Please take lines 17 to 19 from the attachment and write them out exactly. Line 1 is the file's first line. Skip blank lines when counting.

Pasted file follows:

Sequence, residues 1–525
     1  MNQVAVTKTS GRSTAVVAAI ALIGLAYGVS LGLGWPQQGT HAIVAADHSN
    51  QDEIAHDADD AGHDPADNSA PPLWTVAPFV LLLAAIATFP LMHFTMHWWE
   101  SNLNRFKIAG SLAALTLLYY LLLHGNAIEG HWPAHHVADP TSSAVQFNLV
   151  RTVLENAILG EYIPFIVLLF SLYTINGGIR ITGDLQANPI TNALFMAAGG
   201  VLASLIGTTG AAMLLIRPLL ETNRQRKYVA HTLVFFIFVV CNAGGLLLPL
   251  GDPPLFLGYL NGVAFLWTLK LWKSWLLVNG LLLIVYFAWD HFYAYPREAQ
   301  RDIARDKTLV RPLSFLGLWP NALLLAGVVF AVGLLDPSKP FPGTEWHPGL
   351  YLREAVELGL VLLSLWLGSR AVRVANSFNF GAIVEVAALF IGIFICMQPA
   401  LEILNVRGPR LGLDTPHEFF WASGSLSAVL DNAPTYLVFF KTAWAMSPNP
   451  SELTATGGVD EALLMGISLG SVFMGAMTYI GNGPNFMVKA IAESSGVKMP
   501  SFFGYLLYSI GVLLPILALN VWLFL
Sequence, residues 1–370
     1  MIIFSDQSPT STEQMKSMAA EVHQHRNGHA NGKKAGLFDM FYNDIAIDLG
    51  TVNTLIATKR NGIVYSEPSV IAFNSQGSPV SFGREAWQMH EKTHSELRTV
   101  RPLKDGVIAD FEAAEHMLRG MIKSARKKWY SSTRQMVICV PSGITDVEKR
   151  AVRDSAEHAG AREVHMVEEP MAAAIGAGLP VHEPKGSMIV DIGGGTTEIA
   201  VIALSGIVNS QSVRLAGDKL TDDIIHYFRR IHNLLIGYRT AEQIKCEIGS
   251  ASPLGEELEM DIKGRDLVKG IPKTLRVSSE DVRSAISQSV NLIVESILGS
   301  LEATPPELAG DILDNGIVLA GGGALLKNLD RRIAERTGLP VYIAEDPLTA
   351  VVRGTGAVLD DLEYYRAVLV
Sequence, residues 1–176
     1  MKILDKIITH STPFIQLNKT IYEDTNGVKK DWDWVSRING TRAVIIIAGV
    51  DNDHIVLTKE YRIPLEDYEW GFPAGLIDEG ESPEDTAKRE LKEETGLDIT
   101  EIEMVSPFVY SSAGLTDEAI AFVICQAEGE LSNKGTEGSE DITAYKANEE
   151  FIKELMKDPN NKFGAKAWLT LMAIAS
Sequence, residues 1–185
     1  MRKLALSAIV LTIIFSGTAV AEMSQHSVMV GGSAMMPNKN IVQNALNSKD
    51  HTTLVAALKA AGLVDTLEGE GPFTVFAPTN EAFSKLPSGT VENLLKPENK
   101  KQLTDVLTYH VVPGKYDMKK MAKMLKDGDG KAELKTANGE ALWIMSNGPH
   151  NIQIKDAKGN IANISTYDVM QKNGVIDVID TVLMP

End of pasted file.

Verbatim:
   151  AVRDSAEHAG AREVHMVEEP MAAAIGAGLP VHEPKGSMIV DIGGGTTEIA
   201  VIALSGIVNS QSVRLAGDKL TDDIIHYFRR IHNLLIGYRT AEQIKCEIGS
   251  ASPLGEELEM DIKGRDLVKG IPKTLRVSSE DVRSAISQSV NLIVESILGS